Paolo Gerbaudo’s Great Recoil presents a timely, wide-ranging and perspicacious, yet focused and detail-attentive summary of the present political conjuncture leading up to the Covid-19 pandemic, an incisive prognosis of the political terrain of the years that will follow it and offers a bold new approach to combating the illiberal populist discourse plaguing the West today — while laying the groundwork for the progressive transformations that need to replace it.
Reviewed by Maximilian Wolf*
The Covid-19 pandemic has not been an easy time to be a populist. Those in power, whether it is Donald Trump in the United States, Jair Bolsonaro in Brazil, or Boris Johnson in the UK, quickly demonstrated the dangerous insufficiencies of populist governance — from corrupt PPE deals to unsubstantiated accusations against China and the peddling of dangerous conspiracy theories. Those still vying for influence in their respective democracies, meanwhile, were forced to change tactics as lockdown measures proved, overall, popular in most Western countries and new alliances with the ‘anti-vax’ crowd made for some strange bedfellows.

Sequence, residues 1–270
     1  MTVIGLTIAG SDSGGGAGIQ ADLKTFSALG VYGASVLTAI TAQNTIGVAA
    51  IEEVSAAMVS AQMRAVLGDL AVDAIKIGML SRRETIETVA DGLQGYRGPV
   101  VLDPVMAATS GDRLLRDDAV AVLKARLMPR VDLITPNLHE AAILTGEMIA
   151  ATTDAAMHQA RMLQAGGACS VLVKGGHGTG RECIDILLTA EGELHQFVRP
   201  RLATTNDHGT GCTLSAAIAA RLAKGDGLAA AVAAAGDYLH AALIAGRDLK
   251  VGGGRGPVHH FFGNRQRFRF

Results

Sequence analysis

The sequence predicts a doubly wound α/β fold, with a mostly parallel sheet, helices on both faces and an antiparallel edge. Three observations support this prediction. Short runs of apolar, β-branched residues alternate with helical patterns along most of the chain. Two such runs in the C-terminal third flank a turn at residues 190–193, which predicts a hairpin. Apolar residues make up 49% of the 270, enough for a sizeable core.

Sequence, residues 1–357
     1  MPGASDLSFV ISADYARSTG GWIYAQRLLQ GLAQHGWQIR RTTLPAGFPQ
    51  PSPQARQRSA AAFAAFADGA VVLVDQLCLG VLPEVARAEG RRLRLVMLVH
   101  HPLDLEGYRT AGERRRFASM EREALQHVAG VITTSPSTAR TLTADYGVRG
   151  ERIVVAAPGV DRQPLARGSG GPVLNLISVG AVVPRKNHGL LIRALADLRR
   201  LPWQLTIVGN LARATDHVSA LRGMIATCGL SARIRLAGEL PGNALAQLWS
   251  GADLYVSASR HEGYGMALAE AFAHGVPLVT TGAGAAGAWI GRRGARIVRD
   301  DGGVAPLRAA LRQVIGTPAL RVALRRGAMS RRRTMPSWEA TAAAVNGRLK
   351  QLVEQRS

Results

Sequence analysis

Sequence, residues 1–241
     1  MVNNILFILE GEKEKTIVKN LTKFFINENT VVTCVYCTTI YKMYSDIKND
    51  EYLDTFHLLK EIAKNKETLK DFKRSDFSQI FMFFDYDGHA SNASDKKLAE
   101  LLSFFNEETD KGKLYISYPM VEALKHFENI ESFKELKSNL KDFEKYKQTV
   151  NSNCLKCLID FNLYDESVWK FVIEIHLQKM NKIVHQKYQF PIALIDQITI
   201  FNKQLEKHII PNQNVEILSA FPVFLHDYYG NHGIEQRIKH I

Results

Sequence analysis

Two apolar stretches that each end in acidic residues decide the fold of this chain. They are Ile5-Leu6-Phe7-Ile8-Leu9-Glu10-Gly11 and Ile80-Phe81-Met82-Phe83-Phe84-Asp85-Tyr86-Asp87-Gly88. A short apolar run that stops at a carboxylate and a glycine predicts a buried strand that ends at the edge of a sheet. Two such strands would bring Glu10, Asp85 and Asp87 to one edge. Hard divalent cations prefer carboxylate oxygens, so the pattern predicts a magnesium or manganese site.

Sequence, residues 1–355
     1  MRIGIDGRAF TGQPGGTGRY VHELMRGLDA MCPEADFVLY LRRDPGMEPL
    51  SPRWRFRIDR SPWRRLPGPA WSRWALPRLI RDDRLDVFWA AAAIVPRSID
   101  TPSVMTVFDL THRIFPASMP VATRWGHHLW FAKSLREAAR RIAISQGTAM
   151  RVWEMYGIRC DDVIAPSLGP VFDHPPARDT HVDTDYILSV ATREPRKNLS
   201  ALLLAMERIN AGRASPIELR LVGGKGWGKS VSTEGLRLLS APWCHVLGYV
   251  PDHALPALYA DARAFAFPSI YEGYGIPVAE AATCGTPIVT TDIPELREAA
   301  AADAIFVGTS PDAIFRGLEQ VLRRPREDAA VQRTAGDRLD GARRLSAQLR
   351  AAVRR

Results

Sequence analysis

Today, two years from its onset, the pandemic has ushered in some significant and lasting changes in populist discourse throughout the world; populist popularity has largely stabilized — Johnson and Bolsonaro, though weakened, remain in power, Trump lost his election but still received well over 74 million votes (the second highest tally ever, behind Biden’s 81 million) — but their reputation has, on the whole, been lastingly damaged by record case and death numbers, fiscal mismanagement and alarmist discourse regarding vaccines that has struggled to mobilize more than the most conspiratorial among their followers. For all its damage, Covid seems to have provided democracies with an overdue booster shot of healthy skepticism towards populist politics.
The flipside of this coin, however, is that global politics (not least since the recent invasion of Ukraine by Russian forces) have remained in a state of prolonged crisis — and crises breed populists. The political landscape, especially in the liberal West where two years of strict distancing measures and curfews were met with the greatest resistance, has been irrevocably altered by Covid-19; unaccustomed to such degrees of political uncertainty, the ground remains rife for the populist seed to sprout. As Dr. Aline Burni noted on a recent panel for ECPS: “The impact of the pandemic [on populism] has not been homogeneous,” adding that prolonged crisis can “create new conditions and open up new discursive opportunities for populists.”